The annual Economic and Social Survey of Asia and Pacific 2019 must be a cause for concern for our policymakers. The survey conducted by the UN Economic and Social Commission for Asia and Pacific (ESCAP) suggests that Pakistan’s economy will grow far slower than its regional neighbours amid a slight regional economic slowdown over the next year and a half. Among the Saarc member states – only barring war-torn Afghanistan – Pakistan will have the lowest expected gross domestic growth of 4% in 2020. Even Nepal and the Maldives – once dubbed Saarc minnows – are far ahead of Pakistan with their GDP growth rates expected to soar above 6% in 2020. Sri Lanka, which currently ranks below Pakistan, is also forecast to pull ahead next year.
With medium-to-long term prospects depending on structural transformation and broad-based productivity, the ESCAP report cautions countries against shifting from their traditional agriculture-base to one in which services play a dominant role, while bypassing the manufacturing sector. Once tipped as a potential Tiger Club member, Pakistan has faltered to deceive every time the label was used for it. Most recently, the label was used just two years ago when it went through a period of lowest inflation and highest growth in a long time.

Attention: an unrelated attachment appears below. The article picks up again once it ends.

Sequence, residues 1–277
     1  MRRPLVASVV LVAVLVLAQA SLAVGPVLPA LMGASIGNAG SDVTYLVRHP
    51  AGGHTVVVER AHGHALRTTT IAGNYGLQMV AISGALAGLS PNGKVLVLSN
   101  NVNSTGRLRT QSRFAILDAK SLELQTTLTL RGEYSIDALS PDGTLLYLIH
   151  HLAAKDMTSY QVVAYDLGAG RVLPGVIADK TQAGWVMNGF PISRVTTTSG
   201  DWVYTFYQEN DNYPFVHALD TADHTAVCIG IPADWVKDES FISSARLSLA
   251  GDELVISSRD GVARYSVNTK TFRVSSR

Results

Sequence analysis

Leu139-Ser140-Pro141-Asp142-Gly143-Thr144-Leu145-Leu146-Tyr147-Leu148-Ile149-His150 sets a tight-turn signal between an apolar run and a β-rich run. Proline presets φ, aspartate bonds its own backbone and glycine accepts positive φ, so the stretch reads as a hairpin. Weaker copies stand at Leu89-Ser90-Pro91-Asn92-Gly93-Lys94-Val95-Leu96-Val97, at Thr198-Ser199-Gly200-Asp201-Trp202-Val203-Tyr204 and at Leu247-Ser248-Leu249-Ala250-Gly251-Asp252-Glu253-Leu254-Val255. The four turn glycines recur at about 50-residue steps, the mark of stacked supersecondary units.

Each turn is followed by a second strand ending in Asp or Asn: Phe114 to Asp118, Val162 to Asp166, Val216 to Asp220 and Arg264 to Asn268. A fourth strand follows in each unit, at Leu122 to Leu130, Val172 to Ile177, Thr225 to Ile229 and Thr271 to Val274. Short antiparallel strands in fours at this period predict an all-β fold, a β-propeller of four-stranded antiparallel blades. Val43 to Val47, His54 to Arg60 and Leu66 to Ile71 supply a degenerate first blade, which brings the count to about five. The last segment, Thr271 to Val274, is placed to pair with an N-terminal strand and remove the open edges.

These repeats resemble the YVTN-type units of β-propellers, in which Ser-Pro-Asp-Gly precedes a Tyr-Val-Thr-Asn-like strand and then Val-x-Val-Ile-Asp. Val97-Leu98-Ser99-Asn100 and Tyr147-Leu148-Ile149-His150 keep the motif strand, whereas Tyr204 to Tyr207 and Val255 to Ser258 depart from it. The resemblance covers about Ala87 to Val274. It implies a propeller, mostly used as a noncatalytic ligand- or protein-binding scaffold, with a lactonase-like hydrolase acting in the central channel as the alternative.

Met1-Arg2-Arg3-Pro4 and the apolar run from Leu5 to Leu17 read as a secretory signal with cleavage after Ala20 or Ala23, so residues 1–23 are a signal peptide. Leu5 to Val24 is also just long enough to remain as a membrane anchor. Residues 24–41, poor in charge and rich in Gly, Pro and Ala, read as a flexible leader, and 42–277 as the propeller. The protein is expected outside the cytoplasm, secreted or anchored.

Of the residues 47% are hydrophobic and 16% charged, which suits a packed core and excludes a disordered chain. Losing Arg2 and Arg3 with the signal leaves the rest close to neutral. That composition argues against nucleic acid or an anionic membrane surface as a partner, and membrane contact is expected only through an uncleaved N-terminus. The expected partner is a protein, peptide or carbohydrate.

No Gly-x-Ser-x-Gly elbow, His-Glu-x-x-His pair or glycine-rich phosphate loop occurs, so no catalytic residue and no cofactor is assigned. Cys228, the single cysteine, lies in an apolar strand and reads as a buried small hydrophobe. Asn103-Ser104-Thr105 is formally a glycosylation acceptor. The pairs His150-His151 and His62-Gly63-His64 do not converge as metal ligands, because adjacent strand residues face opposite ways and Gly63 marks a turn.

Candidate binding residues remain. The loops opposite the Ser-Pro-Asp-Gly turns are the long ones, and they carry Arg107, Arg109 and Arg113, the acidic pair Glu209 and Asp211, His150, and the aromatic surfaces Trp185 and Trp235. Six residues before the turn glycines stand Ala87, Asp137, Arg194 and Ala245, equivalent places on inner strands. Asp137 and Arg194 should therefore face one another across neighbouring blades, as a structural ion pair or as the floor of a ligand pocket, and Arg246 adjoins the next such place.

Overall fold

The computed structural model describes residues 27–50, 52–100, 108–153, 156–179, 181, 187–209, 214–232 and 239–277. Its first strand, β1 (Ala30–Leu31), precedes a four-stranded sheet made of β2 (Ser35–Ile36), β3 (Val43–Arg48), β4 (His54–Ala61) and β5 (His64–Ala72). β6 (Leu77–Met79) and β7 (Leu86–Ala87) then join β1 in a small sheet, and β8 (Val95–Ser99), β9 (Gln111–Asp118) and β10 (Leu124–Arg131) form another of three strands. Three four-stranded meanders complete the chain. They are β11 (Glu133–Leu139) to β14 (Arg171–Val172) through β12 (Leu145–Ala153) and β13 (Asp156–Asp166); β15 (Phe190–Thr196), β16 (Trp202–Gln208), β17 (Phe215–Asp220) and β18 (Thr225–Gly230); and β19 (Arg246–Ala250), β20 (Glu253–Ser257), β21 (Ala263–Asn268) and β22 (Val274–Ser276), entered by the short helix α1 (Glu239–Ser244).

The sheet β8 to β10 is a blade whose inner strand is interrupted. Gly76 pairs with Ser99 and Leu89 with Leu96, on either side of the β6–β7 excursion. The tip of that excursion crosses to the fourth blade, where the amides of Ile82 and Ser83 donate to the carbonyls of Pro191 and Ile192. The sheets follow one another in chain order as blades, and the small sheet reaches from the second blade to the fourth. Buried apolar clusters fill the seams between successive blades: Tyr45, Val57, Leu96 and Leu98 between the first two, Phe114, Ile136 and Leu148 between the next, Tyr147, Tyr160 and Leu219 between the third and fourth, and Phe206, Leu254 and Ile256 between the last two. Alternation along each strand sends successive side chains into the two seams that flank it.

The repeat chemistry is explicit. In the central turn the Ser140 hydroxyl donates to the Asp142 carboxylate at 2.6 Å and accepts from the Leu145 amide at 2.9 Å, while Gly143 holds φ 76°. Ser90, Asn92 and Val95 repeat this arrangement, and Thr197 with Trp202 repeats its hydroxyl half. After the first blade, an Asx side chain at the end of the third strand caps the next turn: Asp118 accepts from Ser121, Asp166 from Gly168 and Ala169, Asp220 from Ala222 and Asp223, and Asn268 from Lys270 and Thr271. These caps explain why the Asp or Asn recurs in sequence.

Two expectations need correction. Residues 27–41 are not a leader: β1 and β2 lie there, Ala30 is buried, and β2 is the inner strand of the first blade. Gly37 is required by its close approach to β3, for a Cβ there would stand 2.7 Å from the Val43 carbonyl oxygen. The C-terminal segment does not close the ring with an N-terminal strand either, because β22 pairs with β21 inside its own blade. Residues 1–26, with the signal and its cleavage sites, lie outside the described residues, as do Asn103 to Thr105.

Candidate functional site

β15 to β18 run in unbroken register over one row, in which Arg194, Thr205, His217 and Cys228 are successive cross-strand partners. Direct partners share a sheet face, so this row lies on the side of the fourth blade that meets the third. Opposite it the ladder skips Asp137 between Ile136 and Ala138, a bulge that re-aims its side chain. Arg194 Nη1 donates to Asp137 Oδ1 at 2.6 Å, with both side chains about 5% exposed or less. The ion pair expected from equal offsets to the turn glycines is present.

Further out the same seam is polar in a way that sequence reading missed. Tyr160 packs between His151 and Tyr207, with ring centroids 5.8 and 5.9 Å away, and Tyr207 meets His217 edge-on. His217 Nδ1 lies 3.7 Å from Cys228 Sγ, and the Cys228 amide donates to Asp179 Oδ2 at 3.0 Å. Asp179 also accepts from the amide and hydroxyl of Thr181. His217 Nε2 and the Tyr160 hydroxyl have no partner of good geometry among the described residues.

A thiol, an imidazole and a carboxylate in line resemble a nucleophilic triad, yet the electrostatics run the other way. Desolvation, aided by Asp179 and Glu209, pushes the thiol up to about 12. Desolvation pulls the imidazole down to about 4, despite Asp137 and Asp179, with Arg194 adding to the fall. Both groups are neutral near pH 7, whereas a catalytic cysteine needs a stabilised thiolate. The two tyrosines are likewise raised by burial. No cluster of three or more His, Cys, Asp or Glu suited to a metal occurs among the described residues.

Imran Khan too, in his election campaign, promised to turn Pakistan into an Asian Tiger. But 10 months after taking over the reins of power, all the signs point towards the country going the other way – apparently not for the lack of efforts, but perhaps for want of experience and expertise. The government has the will – and maybe the vision too – to put the economy on the right track, but what’s terribly lacking is the capacity to translate this will into action and this vision into reality. With its various sectors viz, agriculture, tourism, mines, minerals, etc, offering a lot of potential, the country only needs to be guided in the right direction so as to achieve the goal of becoming an Asian Tiger.
Published in The Express Tribune, April 6th, 2019.
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